# Significance of RMS (Root Mean Square) value

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Loading... Root Mean Square (RMS) value is the most important parameter that signifies the $$size \; of \; a \;signal$$.

### Defining the term “size”:

In signal processing, a signal is viewed as a function of time. The term “size of a signal” is used to represent “strength of the signal”. It is crucial to know the “size” of a signal used in a certain application. For example, we may be interested to know the amount of electricity needed to power a LCD monitor as opposed to a CRT monitor. Both of these applications are different and have different tolerances. Thus the amount of electricity driving these devices will also be different.

A given signal’s size can be measured in many ways. Some of them are,

• Total energy
• Square root of total energy
• Integral absolute value
• Maximum or peak absolute value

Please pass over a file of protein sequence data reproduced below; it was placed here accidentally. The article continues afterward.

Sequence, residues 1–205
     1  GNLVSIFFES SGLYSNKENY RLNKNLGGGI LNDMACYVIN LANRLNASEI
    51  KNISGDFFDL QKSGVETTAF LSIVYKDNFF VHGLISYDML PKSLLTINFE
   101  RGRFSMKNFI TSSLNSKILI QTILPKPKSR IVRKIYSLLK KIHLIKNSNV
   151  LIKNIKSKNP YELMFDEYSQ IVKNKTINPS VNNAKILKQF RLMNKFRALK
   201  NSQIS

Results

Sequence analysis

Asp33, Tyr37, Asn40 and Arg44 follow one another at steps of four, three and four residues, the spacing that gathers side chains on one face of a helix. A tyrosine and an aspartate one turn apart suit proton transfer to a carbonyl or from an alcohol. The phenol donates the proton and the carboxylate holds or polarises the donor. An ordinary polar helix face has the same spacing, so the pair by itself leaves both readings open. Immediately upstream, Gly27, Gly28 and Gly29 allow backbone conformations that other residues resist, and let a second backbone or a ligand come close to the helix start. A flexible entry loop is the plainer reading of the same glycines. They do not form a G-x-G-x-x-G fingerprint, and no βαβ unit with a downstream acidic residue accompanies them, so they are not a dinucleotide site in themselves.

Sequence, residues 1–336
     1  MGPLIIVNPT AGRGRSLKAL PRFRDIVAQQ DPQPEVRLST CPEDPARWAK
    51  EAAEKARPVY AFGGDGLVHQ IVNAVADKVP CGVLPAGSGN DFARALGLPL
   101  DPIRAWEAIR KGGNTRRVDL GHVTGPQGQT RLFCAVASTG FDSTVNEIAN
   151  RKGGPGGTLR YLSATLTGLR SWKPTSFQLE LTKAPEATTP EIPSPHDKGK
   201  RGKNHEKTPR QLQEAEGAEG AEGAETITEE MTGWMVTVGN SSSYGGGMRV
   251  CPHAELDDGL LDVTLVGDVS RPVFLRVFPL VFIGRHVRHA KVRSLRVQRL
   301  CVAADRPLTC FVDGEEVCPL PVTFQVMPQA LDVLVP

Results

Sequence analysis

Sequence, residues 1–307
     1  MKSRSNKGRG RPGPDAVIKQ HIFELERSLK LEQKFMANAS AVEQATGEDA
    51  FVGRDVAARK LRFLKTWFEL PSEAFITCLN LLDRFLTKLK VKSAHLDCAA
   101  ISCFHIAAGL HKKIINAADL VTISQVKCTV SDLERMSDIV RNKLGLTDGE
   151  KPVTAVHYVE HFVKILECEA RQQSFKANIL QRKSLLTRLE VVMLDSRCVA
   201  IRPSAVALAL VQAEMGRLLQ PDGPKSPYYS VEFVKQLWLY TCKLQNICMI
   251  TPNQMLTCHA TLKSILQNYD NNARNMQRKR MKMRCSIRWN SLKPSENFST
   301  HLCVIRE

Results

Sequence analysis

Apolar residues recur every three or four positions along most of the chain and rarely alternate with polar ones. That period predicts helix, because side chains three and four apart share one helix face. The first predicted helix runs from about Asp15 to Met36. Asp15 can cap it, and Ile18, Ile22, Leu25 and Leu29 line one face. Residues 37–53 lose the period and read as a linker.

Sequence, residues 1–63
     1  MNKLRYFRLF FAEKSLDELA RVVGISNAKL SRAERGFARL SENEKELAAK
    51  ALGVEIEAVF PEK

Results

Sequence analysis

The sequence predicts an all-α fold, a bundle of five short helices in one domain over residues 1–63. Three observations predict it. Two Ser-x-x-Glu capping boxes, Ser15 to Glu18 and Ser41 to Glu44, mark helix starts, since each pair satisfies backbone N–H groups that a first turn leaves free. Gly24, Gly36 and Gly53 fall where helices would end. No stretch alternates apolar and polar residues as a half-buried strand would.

• Root Mean Square (RMS) value
• Average Absolute (AA) value

### RMS value

RMS value of a signal ($$x(t)$$) is calculated as the square root of average of squared value of the signal, mathematically represented as $$E_{RMS} = \sqrt{ \frac{1}{T} \int_{0}^{T} x(t)^2 dt}$$ For a signal represented as $$N$$ discrete sampled values – $$[x_0,x_1,\cdots,x_{N-1}]$$, the RMS value is given as $$E_{RMS} = \sqrt{\frac{x_0^2+x_1^2+\cdots+x_{N-1}^2}{N}}$$ If the signal can be represented in Frequency domain as $$X(f)$$, then as a result of Parseval’s theorem, the RMS value can be calculated as $$E_{RMS} = \sqrt{\sum \left| \frac{X(f)}{N} \right|^2}$$

### Significance of RMS value

•  One of the most important parameter that is used to describe the strength of an Alternating Current (AC)
• RMS value of an AC voltage/current is equivalent to the DC voltage/current that produces the same heating effect when applied across an identical resistor. Hence, it is also a measure of energy content in a given signal.
• In statistics, for any zero-mean random stationary signal, the RMS value is same as the standard deviation of the signal. Example : $$Delay \; spread$$ of a multipath channel is often calculated as the RMS value of the $$Power \; Delay \; Profile$$ (PDP)
• When two uncorrelated (or orthogonal ) signals are added together, such as noise from two independent sources, the RMS value of their sum is equal to the square-root of sum of the square of their individual RMS values.